Saturday, February 21, 2015

Page 608 (16.1479-1515) "picture was handsome... with the utmost"

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picture was handsome which, say what you like, it was, though at the moment she was distinctly stouter. And why not? An awful lot of makebelieve went on about that sort of thing involving a lifelong slur with the usual splash page of gutterpress about the same old matrimonial tangle alleging misconduct with professional golfer or the newest stage favourite instead of being honest and aboveboard about the whole business.

How they were fated to meet and an attachment sprang up between the two so that their names were coupled in the public eye was told in court with letters containing the habitual mushy and compromising expressions, leaving no loophole, to show that they openly cohabited two or three times a week at some wellknown seaside hotel and relations, when the thing ran its normal course, became in due course intimate.

Then the decree nisi and the King's Proctor tries to show cause why and, he failing to quash it, nisi was made absolute. But as for that, the two misdemeanants, wrapped up as they largely were in one another, could safely afford to ignore it as they very largely did till the matter was put in the hands of a solicitor, who filed a petition for the party wronged in due course.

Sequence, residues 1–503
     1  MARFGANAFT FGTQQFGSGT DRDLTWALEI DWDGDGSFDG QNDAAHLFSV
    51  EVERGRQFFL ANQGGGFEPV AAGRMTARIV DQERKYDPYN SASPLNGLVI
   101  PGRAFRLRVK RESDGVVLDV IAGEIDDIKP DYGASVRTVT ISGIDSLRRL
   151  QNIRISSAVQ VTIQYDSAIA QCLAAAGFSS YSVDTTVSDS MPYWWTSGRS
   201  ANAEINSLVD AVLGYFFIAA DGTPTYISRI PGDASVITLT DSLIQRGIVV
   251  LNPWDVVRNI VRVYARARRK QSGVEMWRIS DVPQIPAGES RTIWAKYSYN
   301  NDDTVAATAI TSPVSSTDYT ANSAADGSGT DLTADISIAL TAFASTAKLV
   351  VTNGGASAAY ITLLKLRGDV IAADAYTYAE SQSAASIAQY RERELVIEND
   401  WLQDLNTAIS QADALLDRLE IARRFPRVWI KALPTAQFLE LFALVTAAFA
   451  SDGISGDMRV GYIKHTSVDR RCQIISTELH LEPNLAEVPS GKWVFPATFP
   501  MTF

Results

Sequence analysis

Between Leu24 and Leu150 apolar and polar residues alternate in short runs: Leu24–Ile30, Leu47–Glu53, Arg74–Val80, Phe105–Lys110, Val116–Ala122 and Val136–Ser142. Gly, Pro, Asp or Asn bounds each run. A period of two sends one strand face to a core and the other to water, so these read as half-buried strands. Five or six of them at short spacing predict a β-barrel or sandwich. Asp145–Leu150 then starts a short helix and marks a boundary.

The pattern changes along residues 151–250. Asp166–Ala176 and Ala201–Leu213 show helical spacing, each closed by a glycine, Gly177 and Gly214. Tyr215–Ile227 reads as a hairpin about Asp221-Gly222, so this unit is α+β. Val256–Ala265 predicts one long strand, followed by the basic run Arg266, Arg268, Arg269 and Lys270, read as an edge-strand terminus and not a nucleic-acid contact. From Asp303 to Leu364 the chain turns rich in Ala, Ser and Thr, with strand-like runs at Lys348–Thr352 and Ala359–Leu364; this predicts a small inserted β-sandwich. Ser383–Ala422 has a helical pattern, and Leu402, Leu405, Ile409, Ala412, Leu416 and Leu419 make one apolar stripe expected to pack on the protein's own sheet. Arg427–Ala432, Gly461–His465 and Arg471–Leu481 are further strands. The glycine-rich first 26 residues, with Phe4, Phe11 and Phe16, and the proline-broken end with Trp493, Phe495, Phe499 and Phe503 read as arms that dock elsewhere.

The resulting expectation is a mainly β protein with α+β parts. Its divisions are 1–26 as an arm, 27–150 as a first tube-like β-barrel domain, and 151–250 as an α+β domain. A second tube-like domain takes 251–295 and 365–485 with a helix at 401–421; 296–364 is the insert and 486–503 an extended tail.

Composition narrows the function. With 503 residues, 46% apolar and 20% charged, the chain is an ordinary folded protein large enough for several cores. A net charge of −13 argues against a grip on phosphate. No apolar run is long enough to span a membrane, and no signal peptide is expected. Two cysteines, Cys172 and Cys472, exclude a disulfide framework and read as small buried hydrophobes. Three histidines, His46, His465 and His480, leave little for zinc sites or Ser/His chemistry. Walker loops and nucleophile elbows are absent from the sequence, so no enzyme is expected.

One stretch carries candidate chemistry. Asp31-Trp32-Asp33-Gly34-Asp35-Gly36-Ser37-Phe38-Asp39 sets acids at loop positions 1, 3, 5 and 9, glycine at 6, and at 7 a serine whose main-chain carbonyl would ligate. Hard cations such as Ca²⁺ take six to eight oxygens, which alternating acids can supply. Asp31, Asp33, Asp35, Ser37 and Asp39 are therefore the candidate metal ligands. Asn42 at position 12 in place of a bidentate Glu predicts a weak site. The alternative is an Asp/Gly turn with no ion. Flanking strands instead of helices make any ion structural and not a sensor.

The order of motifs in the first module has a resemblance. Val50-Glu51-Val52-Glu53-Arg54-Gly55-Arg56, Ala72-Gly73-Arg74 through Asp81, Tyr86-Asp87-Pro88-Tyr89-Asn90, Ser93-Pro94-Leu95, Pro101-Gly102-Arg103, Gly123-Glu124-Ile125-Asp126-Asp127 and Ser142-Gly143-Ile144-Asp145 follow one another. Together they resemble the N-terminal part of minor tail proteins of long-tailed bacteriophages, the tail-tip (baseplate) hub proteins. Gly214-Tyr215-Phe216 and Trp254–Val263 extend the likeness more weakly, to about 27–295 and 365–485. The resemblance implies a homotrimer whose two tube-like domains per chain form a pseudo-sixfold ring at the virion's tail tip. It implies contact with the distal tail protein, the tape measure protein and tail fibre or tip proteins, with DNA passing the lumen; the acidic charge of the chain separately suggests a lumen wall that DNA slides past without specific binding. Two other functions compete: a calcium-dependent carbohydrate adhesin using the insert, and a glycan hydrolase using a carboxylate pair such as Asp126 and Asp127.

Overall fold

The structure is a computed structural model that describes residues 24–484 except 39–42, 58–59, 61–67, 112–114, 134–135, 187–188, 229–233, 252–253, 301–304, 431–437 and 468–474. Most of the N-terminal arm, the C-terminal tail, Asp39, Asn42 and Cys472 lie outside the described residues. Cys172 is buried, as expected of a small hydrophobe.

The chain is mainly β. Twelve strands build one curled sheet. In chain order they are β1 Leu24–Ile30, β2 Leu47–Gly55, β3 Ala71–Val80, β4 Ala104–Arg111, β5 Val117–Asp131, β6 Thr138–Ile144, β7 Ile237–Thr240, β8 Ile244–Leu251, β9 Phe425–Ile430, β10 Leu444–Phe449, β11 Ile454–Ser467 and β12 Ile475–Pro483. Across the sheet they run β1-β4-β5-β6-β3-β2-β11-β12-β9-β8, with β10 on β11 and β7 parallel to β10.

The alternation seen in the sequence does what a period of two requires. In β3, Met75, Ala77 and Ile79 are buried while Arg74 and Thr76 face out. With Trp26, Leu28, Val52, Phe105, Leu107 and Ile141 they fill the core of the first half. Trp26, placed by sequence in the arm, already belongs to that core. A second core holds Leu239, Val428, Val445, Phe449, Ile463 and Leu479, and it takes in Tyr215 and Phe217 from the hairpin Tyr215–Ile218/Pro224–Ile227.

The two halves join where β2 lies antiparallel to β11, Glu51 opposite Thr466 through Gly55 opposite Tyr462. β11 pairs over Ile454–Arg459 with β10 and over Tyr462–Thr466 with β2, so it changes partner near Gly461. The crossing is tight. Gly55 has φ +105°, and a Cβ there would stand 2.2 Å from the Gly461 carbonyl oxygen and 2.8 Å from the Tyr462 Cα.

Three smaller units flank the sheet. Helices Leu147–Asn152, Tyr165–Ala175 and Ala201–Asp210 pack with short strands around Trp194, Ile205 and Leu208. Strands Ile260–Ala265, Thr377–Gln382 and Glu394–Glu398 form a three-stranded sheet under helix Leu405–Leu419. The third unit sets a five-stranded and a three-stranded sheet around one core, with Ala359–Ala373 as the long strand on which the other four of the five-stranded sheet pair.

He, Bloom, enjoyed the distinction of being close to Erin's uncrowned king in the flesh when the thing occurred on the historic fracas when the fallen leader's— who notoriously stuck to his guns to the last drop even when clothed in the mantle of adultery— (leader's) trusty henchmen to the number of ten or a dozen or possibly even more than that penetrated into the printing works of the Insuppressible or no it was United Ireland (a by no means, by the by, appropriate appellative) and broke up the typecases with hammers or something like that all on account of some scurrilous effusions from the facile pens of the O'Brienite scribes at the usual mudslinging occupation, reflecting on the erstwhile tribune's private morals.

'clothed in the mantle of adultery' [source]

Though palpably a radically altered man, he was still a commanding figure, though carelessly garbed as usual, with that look of settled purpose which went a long way with the shillyshallyers till they discovered to their vast discomfiture that their idol had feet of clay, after placing him upon a pedestal, which she, however, was the first to perceive.

As those were particularly hot times in the general hullaballoo Bloom sustained a minor injury from a nasty prod of some chap's elbow in the crowd that of course congregated lodging some place about the pit of the stomach, fortunately not of a grave character. His hat (Parnell's) was inadvertently knocked off and, as a matter of strict history, Bloom was the man who picked it up in the crush after witnessing the occurrence meaning to return it to him (and return it to him he did with the utmost




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